The northern Ontario First Nation of Attawapiskat has declared a state of emergency amidst a suicide epidemic which has seen over 100 suicide attempts in the community since last September. 11 suicide attempts were made this past Saturday alone. And on Monday night, 13 youths, including a 9-year-old child, were detained by police in an effort to thwart an ongoing suicide pact.
Make no mistake. The mental health crisis occurring in Attawapiskat is a result of Canada’s horrifying colonial legacy. Intergenerational trauma created by forced relocation, the removal of children from their families by the residential school system, and other destructive colonial practices continues to negatively impact the health of Indigenous communities.
Systemic discrimination against Indigenous people is alive and well, and we need to look no further than Attawapiskat to be convinced of that. Remote First Nations communities like Attawapiskat do not have access to the basic standard of living afforded to other Canadians. The people of Attawapiskat face high levels of unemployment, substandard infrastructure, issues with potable water, barriers to education, and a chronic housing shortage. The provincial and federal governments have directly contributed to the crisis in Attawapiskat by failing to provide the same level of public services and social supports to First Nations communities that exist elsewhere.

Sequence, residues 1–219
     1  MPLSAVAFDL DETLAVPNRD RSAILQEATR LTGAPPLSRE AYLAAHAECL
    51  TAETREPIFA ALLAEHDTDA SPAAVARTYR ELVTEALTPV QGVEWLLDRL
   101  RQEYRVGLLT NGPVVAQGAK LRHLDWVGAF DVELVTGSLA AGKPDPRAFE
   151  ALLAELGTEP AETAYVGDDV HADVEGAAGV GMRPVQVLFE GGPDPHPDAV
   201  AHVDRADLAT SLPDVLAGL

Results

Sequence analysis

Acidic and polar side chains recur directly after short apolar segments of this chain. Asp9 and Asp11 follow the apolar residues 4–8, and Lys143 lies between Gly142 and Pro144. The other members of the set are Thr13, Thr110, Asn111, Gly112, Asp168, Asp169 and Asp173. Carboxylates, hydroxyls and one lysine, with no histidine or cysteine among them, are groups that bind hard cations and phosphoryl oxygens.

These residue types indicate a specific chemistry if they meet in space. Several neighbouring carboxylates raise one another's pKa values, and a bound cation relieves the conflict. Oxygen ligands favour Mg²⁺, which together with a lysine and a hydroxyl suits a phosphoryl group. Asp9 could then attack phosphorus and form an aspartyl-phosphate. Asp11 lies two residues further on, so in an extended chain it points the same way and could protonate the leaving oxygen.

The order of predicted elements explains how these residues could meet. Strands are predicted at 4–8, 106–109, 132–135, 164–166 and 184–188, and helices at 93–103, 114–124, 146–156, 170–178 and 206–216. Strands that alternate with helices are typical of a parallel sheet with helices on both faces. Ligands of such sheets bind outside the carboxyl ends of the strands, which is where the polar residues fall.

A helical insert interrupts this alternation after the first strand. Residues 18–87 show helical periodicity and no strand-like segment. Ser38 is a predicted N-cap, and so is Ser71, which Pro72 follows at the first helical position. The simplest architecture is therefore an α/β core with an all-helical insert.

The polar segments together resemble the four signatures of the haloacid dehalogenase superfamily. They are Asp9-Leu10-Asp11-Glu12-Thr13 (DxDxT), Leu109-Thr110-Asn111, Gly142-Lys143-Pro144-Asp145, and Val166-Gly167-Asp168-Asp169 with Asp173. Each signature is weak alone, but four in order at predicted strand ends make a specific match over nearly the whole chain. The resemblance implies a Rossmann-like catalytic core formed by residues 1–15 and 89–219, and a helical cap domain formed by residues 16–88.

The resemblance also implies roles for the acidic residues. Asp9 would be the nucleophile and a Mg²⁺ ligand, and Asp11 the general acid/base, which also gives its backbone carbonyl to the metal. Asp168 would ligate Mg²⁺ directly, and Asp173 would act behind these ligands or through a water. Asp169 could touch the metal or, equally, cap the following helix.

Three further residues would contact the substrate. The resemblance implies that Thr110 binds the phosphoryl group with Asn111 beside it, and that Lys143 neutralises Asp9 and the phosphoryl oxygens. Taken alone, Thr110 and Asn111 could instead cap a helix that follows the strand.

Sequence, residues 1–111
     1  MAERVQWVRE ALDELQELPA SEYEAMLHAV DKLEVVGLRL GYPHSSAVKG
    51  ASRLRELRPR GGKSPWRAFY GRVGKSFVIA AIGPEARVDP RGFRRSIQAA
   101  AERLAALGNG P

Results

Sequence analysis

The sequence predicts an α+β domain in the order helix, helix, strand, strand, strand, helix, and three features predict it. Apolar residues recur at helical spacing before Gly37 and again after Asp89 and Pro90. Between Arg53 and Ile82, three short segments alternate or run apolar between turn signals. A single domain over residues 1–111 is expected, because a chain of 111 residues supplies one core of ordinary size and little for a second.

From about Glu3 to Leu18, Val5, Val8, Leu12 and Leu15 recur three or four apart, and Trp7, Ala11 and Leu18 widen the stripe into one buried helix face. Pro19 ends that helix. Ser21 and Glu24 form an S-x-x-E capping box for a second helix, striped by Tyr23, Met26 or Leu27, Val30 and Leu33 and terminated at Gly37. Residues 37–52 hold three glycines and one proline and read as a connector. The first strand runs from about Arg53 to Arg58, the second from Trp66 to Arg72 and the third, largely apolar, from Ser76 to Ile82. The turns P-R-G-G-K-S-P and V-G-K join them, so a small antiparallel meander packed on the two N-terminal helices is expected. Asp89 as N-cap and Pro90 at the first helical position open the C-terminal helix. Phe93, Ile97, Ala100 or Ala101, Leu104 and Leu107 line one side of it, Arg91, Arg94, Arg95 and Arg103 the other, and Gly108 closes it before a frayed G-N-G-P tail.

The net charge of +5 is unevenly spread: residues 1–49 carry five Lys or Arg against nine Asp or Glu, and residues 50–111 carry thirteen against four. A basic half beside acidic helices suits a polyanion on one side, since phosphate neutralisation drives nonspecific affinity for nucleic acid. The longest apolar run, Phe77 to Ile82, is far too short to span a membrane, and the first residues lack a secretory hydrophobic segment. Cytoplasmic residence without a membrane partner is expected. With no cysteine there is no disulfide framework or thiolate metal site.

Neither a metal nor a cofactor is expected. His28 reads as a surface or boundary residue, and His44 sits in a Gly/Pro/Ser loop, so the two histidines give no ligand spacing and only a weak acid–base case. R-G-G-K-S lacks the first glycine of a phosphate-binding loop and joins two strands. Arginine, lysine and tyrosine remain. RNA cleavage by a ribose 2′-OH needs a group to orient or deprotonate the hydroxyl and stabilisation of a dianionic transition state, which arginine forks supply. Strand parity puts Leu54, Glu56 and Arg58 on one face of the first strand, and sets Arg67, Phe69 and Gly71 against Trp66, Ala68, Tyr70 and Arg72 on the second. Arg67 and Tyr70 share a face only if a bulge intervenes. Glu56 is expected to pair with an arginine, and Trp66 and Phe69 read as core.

Over the past year, the United Nations has condemned Canada’s treatment of First Nations people and the Canadian Human Rights Tribunal has ruled that the federal government systematically discriminates against Indigenous people by failing to provide equal resources and funding to children on reserves. While the provincial and federal governments sent additional mental health workers to Attawapiskat this week, and the provincial government has just announced the allocation of $2 million in emergency funding, these temporary solutions do little to address the systemic problems at the root of this crisis.
During the last federal election, the Liberal government promised “a renewed relationship” with First Nations. But the recently-delivered budget falls far short of the funding needed to level the playing field for Indigenous people. This is shameful.
CUPE Ontario and the CUPE Ontario Aboriginal Council stand in solidarity with Attawapiskat and other First Nations communities. As Ontario’s community union, we know that strong public services are necessary for communities grow and thrive. We urgently demand that the provincial and federal governments take immediate steps to provide adequate public services and social supports to First Nations communities, and to end the systematic discrimination negatively impacting the health and well-being of our Indigenous brothers and sisters.